<quoted text>Yes. He should accept them the same way they accepted him. By beating them so badly. they need recuperative therapy.
I would have cut them out of my life as fast as possible after that. He owes them nothing.
And yet, you're the same type of people who spew tolerance and acceptance for people just the way they are.

Hypocrisy

“I Am Mine”

Since: Dec 08

Location hidden

#8 Dec 9, 2013
edogxxx wrote:
<quoted text>
And yet, you're the same type of people who spew tolerance and acceptance for people just the way they are.
Hypocrisy
TSTI

Since: Aug 08

Location hidden

#9 Dec 9, 2013
tiredofit wrote:
Sub, you better take really good care of your wife cause she sounds like a keeper.
LOL. Yeah, she is. She puts up with me!

“reign in blood”

Since: May 09

Chicago, IL

#10 Dec 9, 2013
Mister Tonka wrote:
<quoted text>TSTI
That your only comeback?

“Where is Tonka?”

Since: Feb 09

Neda, stay with me! Charlie

#11 Dec 9, 2013
You have to remember, edogg does accept physical abuse, so if he can accept it, why not everyone?
Mister Tonka wrote:
<quoted text>TSTI

Toj

“Where is Everyone?”

Since: Jul 12

Location hidden

#12 Dec 9, 2013
L1: I believe it's obvious to most people (but not to edog) that Amy got that one right.

L2: I would have spoken up about that right away. Food things bother me, for instance when someone chews with their mouth open. Yuk.

L3: Why do people care what other people do if it doesn't affect them nor wrong anyone?

“The two baby belly, please!”

Since: Sep 09

Evanston IL

#13 Dec 9, 2013
LW1: I'm not sure why you keep thinking that by changing your behavior and instituting new rules that somehow you'll hit on the right one that will magically make your family accept you just the way you are. If they were going to do that, it would have happened a long time ago. Stop trying. Live your life the way you want to, even if that means cutting them out of your life. Really, what are they contributing to it anyway?

LW2: Really? You're gonna pick a fight about an arm on the table and the occasional misuse of a finger? Be ready to not get any for awhile.

Now if she was double-dipping or holding her utinsils like a cavewoman, then I could see saying something, but what you've mentioned are really minor things on the table etiquette offense list.

“Where is Tonka?”

Since: Feb 09

Neda, stay with me! Charlie

#14 Dec 9, 2013
Hi Toj,
Please explain the obvious contradiction between your response to LW3 and your statement to LW2.
Toj wrote:
L2: I would have spoken up about that right away. Food things bother me, for instance when someone chews with their mouth open. Yuk.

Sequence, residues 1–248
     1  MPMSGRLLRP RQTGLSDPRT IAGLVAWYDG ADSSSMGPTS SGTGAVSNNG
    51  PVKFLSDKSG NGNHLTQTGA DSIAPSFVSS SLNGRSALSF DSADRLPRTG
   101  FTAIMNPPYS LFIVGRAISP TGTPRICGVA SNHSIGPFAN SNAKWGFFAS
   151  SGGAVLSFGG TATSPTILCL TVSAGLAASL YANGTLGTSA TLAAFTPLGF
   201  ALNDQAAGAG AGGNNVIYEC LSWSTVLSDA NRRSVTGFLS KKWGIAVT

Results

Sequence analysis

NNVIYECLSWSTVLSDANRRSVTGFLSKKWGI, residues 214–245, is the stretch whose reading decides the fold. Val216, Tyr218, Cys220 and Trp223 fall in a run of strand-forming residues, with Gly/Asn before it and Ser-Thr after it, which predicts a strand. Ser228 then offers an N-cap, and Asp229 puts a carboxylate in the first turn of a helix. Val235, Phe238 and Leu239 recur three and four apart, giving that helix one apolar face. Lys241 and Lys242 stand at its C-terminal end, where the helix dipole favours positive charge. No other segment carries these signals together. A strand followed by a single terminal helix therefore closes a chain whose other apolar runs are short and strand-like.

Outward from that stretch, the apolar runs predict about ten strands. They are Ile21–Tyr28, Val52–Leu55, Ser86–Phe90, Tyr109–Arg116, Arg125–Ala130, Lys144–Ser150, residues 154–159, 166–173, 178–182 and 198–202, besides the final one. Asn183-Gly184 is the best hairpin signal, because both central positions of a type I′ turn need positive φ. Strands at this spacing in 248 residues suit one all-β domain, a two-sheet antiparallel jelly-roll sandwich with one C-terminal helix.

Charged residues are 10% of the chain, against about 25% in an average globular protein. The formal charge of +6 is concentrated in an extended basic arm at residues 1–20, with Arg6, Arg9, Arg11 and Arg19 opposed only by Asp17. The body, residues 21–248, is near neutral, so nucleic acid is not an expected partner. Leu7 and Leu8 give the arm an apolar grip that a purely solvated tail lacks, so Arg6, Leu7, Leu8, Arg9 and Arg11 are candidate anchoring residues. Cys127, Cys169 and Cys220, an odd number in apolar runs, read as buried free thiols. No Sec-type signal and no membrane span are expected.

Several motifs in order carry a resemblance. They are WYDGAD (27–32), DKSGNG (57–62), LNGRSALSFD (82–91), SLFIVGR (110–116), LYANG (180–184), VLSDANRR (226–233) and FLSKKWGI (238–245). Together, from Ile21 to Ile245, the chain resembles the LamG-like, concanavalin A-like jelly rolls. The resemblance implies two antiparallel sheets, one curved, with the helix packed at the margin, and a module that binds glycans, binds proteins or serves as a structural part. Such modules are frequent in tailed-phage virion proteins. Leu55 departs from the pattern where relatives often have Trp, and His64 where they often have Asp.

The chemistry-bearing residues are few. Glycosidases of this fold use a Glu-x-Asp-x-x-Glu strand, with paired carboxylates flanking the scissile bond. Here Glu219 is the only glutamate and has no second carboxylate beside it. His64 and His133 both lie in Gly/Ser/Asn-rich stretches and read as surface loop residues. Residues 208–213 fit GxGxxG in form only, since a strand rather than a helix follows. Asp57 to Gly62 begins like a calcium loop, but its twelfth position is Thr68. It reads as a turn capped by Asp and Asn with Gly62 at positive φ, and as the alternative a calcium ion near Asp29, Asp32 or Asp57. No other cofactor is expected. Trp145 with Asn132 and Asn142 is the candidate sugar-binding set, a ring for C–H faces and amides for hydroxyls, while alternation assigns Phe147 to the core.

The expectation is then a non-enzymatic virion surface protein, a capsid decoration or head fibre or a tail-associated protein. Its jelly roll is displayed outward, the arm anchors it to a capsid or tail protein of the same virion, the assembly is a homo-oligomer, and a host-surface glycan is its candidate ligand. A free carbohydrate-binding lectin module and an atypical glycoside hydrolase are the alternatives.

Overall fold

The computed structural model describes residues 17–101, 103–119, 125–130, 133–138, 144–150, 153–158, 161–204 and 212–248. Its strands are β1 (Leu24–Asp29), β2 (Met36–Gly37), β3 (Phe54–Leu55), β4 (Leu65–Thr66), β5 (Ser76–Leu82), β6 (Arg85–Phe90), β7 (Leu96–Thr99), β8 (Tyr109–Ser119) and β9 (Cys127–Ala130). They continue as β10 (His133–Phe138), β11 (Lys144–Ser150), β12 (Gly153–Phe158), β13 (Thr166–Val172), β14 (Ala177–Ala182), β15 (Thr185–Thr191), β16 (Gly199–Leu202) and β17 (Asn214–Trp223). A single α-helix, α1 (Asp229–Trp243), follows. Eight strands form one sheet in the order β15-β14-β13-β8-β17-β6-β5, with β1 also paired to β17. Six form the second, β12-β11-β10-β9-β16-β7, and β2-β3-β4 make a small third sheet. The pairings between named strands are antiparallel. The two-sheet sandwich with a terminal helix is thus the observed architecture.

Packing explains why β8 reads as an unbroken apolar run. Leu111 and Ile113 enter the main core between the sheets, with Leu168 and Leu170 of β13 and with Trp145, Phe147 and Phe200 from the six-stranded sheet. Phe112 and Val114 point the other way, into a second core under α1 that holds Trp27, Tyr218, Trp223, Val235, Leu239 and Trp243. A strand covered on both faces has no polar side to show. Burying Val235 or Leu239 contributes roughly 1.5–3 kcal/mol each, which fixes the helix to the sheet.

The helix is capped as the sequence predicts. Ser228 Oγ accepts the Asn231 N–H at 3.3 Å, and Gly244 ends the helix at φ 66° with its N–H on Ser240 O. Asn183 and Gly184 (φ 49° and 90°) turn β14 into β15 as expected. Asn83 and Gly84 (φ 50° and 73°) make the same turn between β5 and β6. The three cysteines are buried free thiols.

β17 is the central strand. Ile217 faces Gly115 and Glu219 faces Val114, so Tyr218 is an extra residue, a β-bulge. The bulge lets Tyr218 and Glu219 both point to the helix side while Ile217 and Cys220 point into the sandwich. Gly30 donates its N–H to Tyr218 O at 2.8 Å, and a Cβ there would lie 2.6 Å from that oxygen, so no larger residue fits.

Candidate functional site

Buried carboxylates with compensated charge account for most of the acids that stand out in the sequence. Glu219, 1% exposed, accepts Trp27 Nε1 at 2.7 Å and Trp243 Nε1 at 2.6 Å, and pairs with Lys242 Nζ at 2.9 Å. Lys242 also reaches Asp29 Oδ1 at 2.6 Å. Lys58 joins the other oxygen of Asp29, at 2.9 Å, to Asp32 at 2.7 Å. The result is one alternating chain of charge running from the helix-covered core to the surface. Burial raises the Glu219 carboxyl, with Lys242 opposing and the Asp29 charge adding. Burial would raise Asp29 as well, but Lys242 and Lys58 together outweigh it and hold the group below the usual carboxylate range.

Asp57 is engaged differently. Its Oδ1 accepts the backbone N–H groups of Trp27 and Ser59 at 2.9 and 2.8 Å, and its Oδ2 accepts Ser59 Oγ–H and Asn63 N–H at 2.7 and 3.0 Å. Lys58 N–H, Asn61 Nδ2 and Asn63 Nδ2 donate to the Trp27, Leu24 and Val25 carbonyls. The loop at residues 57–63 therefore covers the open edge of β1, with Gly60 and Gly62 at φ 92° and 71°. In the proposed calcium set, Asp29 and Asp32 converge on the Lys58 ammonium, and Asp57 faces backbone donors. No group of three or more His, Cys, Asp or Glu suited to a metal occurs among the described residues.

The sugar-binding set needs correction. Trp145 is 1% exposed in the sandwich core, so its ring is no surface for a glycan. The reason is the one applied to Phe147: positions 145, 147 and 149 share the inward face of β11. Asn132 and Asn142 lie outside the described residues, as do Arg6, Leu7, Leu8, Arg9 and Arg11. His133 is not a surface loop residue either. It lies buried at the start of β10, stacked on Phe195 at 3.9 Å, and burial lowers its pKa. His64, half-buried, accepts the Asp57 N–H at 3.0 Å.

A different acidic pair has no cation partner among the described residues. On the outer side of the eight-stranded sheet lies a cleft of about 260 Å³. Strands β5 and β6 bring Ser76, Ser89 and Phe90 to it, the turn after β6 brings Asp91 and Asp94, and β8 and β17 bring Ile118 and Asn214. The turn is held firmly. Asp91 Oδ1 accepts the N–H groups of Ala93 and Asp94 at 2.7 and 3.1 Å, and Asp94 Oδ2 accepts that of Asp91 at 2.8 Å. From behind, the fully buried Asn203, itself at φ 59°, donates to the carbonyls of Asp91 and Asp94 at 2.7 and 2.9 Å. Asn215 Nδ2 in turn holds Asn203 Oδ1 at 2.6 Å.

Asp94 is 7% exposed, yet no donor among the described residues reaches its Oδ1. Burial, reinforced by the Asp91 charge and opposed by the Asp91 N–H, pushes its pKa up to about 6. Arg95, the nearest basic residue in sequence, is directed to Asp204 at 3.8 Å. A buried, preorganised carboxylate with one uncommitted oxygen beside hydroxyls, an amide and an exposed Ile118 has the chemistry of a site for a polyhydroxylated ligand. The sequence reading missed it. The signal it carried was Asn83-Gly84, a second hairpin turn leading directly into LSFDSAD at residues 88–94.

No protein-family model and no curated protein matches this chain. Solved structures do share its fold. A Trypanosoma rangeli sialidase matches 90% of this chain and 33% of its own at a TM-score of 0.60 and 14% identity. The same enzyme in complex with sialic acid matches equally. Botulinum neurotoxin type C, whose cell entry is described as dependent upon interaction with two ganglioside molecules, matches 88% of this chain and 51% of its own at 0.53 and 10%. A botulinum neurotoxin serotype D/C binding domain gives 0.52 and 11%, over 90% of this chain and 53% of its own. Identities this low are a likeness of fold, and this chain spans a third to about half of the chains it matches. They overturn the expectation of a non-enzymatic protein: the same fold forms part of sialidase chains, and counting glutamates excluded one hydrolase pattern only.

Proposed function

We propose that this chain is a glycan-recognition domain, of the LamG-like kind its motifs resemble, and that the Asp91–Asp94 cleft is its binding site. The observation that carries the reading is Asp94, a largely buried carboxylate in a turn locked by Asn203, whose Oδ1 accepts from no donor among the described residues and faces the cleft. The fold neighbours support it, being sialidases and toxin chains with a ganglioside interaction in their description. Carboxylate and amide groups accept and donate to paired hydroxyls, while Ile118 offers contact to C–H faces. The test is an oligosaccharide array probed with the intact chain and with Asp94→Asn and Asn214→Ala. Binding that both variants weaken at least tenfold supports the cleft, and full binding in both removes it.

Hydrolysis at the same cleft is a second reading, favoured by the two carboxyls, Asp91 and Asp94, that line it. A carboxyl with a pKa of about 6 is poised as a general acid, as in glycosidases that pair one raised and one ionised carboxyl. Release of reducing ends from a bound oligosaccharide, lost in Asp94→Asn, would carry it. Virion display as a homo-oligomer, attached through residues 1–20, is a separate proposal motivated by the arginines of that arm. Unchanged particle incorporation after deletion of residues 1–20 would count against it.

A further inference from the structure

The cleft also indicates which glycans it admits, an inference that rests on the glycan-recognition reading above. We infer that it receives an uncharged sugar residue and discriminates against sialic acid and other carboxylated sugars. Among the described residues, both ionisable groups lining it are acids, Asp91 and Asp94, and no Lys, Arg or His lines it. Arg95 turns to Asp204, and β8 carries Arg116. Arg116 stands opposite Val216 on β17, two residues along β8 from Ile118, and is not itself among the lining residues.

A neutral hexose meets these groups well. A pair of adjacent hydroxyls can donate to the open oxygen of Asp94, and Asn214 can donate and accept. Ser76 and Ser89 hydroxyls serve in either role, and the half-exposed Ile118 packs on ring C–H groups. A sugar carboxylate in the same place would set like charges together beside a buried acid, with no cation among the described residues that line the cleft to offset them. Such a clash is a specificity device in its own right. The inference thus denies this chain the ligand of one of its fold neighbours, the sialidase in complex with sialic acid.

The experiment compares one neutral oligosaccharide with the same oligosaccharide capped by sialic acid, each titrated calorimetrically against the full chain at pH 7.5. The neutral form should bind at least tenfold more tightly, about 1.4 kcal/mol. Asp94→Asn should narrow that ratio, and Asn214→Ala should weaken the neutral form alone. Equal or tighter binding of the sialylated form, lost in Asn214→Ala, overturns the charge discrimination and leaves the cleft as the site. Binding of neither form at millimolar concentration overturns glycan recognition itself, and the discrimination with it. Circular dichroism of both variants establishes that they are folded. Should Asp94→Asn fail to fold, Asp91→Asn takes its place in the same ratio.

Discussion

L3: Why do people care what other people do if it doesn't affect them nor wrong anyone?

Toj

“Where is Everyone?”

Since: Jul 12

Location hidden

#15 Dec 9, 2013
RACE wrote:
Hi Toj,
Please explain the obvious contradiction between your response to LW3 and your statement to LW2.
<quoted text>
It affects me when people talk with their mouth full. It grosses me out; therefore, I see no contradiction.

Don't you hate looking at people's half-chewed food in their mouth?

Since: Aug 08

Location hidden

#16 Dec 9, 2013
Toj wrote:
<quoted text>
It affects me when people talk with their mouth full. It grosses me out; therefore, I see no contradiction.
Don't you hate looking at people's half-chewed food in their mouth?
Lip smacking bothers me more. I can always look away, but I can't tune that out. <smack, smack, smack, chomp, chomp>

My one brother used to do it. My middle son was doing it one day. I said would you PLEASE stop smacking your lips while you eat .... in my ear.(I've officially become my dad, lol).

“I Am Mine”

Since: Dec 08

Location hidden

#17 Dec 9, 2013
Toj wrote:
<quoted text>
It affects me when people talk with their mouth full. It grosses me out; therefore, I see no contradiction.
Don't you hate looking at people's half-chewed food in their mouth?
Did i miss something? Lw mentioned arm in the table and using finger instead of knife. Neither qualifies as a "gross out" offense unless it grosses you out to see fingers touch food, in which case, good luck keeping your meal down ay a sandwich shop, pizza parlor, or wing place.
Pippa

Hancock, NY

#18 Dec 9, 2013
edogxxx wrote:
1- "Prejudices and anxieties" "...people who's views are repugnant"
Who's intolerant of whom?
You can't force acceptance on people, son. Accept your parents for who they are.
edog, I agree that this lw should accept his parents for who they are but that doesn't mean he needs to twist himself into a knot for their benefit. He is who he is and they also need to accept him for who he is. So I like Amy's advice to this man. He needs to allow his parents into his life but THEY are the ones who have to make the final decisions now. He invites them and they have to decide whether they love him enough to accept him and his chosen life partner.(This is true whether we're talking about a gay or straight couple.) If they make disparaging and hurtful remarks or make his partner feel like dirt under their feet, then he needs to decide whether he can accept that behavior (I wouldn't) or remove himself and his partner from their toxic presence. They're supposedly Christian. That means they're supp

And I like that you brought out that both sides of this situation could be said to have repugnant views from the other person's perspective. So again, we should all respect others' rights and be polite. It doesn't mean we have to accept those views nor should we "force" our own views on them by continually nagging and finding fault or giving ultimatums. It means we have to decide whether the way they act or show those views to us and others are hurtful to us and the ones we love. Sometimes it's so toxic, we have to keep contact to a minimum.

“I Am Mine”

Since: Dec 08

Location hidden

#19 Dec 9, 2013
edogxxx wrote:
<quoted text>
That your only comeback?
Not a comeback. Just stating a fact
Pippa

Hancock, NY

#20 Dec 9, 2013
Whoops, the last sentence of my first paragraph got cut off. It should read, "They're supposedly Christian. That means they're supposed to treat others as they want to be treated."